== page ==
The existence of dinosaurs and mermaids, the prospects of an injury caused by a remote-controlled robotic tackling dummy and the ridiculousness of allowing players to drive dune buggies on a college campus – you couldn’t see that accident coming? – could be the immaterial takeaway from Episode 2 of the HBO docuseries “Hard Knocks” focused on the Los Angeles’ Rams. But those kinds of things are beginning to come off as just colorful distractions from the real storylines that have ramped up as exhibition games are played, cuts have to be made and, in case of rookies Nelson Spruce and Austin Hill, careers could be launched or crushed in one otherwise historic Saturday night.
Bill Seward is enclosed in a sound booth in Stamford, Conn., calling an Olympic men’s rugby game off a TV monitor that’s going on in Rio de Janeiro, Brazil, last week. (Photo: NBC Sports)
The secret isn’t dirty, nor is it very little. But we’ll let you in on it anyway if you hadn’t noticed by now.
The fact that about half of all the 6,700-plus hours generated by NBC and its platforms during its 19 days of Summer Olympics coverage are being delivered by broadcasters and technicians based in a super-sized studio in Stamford, Connecticut, telling us what they see off a monitor, instead of being situated onsite in Rio de Janeiro, might raise a red flag.
But as much as it reveals itself as a sign of the times, it’s also providing a road map to the future of sports coverage. Someone watching at home, or glued to a smartphone or computer screen at work, might not even know, or care, about this dynamic, but it’s probably worth asking once these Games end next week. More at this link. …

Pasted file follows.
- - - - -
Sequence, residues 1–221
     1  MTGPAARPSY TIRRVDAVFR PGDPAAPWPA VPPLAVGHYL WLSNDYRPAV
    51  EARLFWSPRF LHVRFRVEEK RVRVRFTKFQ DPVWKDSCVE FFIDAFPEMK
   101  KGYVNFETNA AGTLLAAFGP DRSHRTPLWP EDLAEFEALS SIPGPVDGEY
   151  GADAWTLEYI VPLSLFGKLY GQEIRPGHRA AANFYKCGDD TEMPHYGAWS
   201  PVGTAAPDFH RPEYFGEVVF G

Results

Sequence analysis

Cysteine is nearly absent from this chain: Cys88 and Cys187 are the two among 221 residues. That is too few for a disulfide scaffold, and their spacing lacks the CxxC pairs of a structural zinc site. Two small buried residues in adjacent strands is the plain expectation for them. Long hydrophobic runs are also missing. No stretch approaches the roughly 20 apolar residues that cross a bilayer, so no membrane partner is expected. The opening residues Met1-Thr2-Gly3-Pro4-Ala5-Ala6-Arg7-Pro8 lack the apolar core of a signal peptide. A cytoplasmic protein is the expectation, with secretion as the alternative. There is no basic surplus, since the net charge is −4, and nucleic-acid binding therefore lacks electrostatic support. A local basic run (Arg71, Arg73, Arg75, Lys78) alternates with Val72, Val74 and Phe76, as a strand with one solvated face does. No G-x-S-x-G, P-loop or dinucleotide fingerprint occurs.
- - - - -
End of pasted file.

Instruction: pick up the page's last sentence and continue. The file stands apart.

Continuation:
Spooning. All for it.
Mugging. Only for a camera.
Cupping? Stick a fork in it.
Sir Michael Phelps may endorse this ancient form of suction therapy – which also seems to have inspired some guy to scale the outside of a Trump building in New York the other day before police pried him off.
But night after night of seeing large purple spots all over him causes us to flash back to the days when our kids endured a rather painful episode of the chicken pox and were simultaneously in need of therapy after having continuous nightmares they were going to turn into Barney the Dinosaur. More at this link …
The background Fred Roggin has at the CNBC Olympic desk shows a Rio de Janero visage. But the studio is in Stamford, Conn.
Did you know: While all the NBC prime-time coverage of the Olympics comes out of Rio, about half of the total 6,800 hours of NBC-generated Olympics TV time is actually based on announcers calling the action off TV monitors in a giant studio in Stamford, Conn.
And more than half of the 30-odd sports covered are primarily a Stamford-generated broadcast.
While there are some 2,000 NBC employees in Rio, another 1,100-plus are at a 300,000-plus square foot facility about an hour south of ESPN headquarters in Bristol, Conn., including anchors like CNBC’s Fred Roggin, above, and rugby play-by-play man Bill Seward.
We’ll talk to the two L.A.-based broadcasters about the experience, whether they’re just as happy being there instead of in Rio and how they mentally gear themselves into the task at hand, whether the viewers at home realize what’s happen and/or really care that much.
“So many of these sports, you’re calling it off a monitor anyway, and the technology is such that it’s a lot easier and it comes at no expense to the viewer to have these people in Stamford,” said NBC Olympics executive producer Jim Bell. “So for us it’s just a much smarter proposition overall if it doesn’t impact our quality in any way and we can manage things more efficiently.”